Legend has it that the name Lucerne originated from an angel shining a light to show the people where to build their church. So, it is highly appropriate that Lucerne has taken the theme on. The inaugural Light Festival from 10th – 20th January 2019 was a brilliant, glowing and incandescent success.
The festival used 18 light installations to showcase the very best of the beautiful city of Lucerne. Many of the features were interactive. Standing in front of a camera you could have your face projected 16-fold onto the facade of the Town Hall. Frightening.
For the Festival, the grandiose arch, in front of the station, was lit with vivid purple light. If you have flown into Zürich airport and taken an hour train journey to Lucerne, you will pass through that arch. Look out for jilted lovers, ecstatic lovers, as it is Lucerne’s top meeting rendezvous for a date.
At the Music Pavilion spectators can shake a snow ball to shape the action within a giant snowdome: snowflakes fall on dancing snowmen, swans and skeletons. After that you stroll, alongside the lake, through an avenue of lit trees.
One of Lucerne’s most famous sights, the Lion Monument – commemorating the death of 800 Swiss mercenaries during the French Revolution – is transformed. After dark, projections of vividly coloured sea-creatures rise from the pool in front of the lion. Fossils show that this land was once a warm palm-fringed sea. Part of the thought-provoking installation, a deck-chair and parasol, encourages visitors to consider whether global warming will one day return a tropical shoreline to Lucerne.
Without doubt “Genesis”, an astonishing light show projected onto the ceiling of the Hofkirche, was the highlight of the 2019 festival. Eight projectors, shining 20,000 lumens of light, tell the story of the first three days of creation accompanied by a symphonic soundtrack from Mahler and Hayden. Projektil, a collection of artists from Zurich, are already making plans to tackle the next three days of creation for the 2020 Festival. This example of a new and rapidly developing art form brought a spirituality that left some of the audience in tears.
You don’t have to wait for dark to see Lucerne shine. Take a gourmet lunch cruise on Lake Lucerne, surrounded by spectacular snow-capped mountains, to appreciate the Luke’s unusual star-shaped formation. Locals claim that the water is so clean and clear that you could drink it.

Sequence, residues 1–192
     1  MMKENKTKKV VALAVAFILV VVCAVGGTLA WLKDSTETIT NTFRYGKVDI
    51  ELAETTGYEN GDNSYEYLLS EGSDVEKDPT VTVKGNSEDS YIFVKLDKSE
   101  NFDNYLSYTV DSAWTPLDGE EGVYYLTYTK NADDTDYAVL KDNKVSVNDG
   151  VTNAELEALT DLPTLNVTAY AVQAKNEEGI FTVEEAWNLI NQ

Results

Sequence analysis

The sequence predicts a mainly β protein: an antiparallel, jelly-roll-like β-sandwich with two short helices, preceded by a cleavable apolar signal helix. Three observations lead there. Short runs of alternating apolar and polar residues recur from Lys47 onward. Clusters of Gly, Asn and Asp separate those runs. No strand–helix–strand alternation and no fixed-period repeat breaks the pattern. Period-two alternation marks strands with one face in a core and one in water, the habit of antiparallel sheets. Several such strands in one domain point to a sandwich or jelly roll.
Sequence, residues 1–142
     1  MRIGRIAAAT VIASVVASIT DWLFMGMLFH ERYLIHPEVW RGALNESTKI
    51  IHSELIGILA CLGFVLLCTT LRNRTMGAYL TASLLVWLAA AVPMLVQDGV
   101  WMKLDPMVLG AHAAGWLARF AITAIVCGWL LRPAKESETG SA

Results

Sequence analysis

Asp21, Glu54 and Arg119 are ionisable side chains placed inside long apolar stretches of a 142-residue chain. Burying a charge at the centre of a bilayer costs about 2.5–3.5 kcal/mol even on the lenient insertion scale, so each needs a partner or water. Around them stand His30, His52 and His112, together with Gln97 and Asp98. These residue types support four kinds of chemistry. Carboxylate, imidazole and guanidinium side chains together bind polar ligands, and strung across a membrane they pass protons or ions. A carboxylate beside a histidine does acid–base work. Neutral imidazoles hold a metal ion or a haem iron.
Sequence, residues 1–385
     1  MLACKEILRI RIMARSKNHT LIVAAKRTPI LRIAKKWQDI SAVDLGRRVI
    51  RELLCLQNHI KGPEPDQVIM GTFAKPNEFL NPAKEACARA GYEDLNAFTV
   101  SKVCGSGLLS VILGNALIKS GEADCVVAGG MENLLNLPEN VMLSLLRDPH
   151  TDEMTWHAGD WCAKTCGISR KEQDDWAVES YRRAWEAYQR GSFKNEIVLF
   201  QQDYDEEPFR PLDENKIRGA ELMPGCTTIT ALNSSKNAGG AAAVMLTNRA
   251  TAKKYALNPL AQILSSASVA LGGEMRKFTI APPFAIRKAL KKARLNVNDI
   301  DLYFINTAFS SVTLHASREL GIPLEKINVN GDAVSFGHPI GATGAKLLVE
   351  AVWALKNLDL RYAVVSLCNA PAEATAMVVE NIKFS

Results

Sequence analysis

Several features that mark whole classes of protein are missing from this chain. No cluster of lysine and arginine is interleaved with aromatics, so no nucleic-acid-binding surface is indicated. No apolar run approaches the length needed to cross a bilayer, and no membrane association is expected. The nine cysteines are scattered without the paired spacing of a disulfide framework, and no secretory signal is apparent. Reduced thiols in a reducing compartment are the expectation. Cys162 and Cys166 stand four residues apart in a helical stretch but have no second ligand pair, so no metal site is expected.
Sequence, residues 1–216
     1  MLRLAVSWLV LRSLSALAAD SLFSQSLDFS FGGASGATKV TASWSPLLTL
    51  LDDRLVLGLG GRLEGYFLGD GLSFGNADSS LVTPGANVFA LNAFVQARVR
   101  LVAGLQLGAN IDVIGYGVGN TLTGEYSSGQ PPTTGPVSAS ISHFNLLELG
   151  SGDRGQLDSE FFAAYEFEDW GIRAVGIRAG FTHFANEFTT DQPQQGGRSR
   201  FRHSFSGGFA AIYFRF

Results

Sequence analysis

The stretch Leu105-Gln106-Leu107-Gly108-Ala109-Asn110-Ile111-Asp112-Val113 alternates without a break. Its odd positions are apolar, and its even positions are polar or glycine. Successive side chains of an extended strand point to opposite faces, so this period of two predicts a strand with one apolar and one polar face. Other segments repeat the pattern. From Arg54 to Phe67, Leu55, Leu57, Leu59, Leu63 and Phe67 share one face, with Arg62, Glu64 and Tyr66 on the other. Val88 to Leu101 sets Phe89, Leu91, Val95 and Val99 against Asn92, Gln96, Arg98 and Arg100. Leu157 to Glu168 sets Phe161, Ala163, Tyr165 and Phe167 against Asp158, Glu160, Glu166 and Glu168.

In January, Lucerne’s attractions are relatively quiet. The Transport Museum is Switzerland’s most visited museum, so January is an excellent time to avoid the crowds. Strolling across Lucerne’s two remaining wooden pedestrian-only bridges you can stop to take in the art-work that has survived the ravages of fire and time.
At the Rosengart Gallery, you will have time and space to appreciate a vast private collection of works by Picasso, Klee, Monet, Renoir and others. By next year’s Light Festival, the KKL, Lucerne’s Culture and Congress Centre will be refurbished and fully open. Although the architect was persuaded not to build the KKL out into the lake, he insisted that the lake, with mini-canals, should be part of the building.
A Swisspass is a wise investment. Not only does it cover rail travel to Lucerne it includes cruises on Lake Lucerne, bus travel, cable cars up into the mountains and entrance to many museums too.
The Hotel Schweizerhof, elegantly gazing across the lake since 1845, provides its own light festival throughout the year. Reflections of coloured lights shimmer on the lake. As a place where history is made every room celebrates a guest who has stayed at the hotel or has a connection with it. Wagner completed his Tristan and Isolde opera in Room 7, though he was too consumed by creativity to remember to pay his bar bills at a local tavern.
And my room? I stayed in 142 with a mini-shrine to Kool and the Gang. As I entered my room I was greeted by a burst of “Celebrate Good times” – a very appropriate chorus for Lucerne’s Light Festival.
Swiss International Airlines www.swissair.com fly to Zurich from several British airports.
Learn more about the Swiss Pass at www.swiss-pass.ch
The website https://www.luzern.com/en/ provides plenty of information for planning a visit to Lucerne.
More information on the https://www.schweizerhof-luzern.ch/en/
Last modified: June 10, 2021